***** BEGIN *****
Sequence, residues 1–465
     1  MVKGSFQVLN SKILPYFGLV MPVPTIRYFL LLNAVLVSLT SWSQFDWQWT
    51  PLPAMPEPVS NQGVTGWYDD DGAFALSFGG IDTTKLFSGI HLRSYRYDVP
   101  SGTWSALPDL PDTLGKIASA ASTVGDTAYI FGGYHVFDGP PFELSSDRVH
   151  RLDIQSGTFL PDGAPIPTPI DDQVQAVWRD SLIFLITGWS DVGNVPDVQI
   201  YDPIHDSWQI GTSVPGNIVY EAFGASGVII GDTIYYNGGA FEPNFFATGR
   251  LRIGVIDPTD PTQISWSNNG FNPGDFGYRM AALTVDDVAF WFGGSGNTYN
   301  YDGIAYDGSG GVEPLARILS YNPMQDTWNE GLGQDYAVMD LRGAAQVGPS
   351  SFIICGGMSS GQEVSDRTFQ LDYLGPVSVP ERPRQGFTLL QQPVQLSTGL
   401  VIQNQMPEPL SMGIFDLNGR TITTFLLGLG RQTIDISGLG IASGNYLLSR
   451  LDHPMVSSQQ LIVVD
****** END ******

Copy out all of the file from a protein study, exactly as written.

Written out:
Sequence, residues 1–465
     1  MVKGSFQVLN SKILPYFGLV MPVPTIRYFL LLNAVLVSLT SWSQFDWQWT
    51  PLPAMPEPVS NQGVTGWYDD DGAFALSFGG IDTTKLFSGI HLRSYRYDVP
   101  SGTWSALPDL PDTLGKIASA ASTVGDTAYI FGGYHVFDGP PFELSSDRVH
   151  RLDIQSGTFL PDGAPIPTPI DDQVQAVWRD SLIFLITGWS DVGNVPDVQI
   201  YDPIHDSWQI GTSVPGNIVY EAFGASGVII GDTIYYNGGA FEPNFFATGR
   251  LRIGVIDPTD PTQISWSNNG FNPGDFGYRM AALTVDDVAF WFGGSGNTYN
   301  YDGIAYDGSG GVEPLARILS YNPMQDTWNE GLGQDYAVMD LRGAAQVGPS
   351  SFIICGGMSS GQEVSDRTFQ LDYLGPVSVP ERPRQGFTLL QQPVQLSTGL
   401  VIQNQMPEPL SMGIFDLNGR TITTFLLGLG RQTIDISGLG IASGNYLLSR
   451  LDHPMVSSQQ LIVVD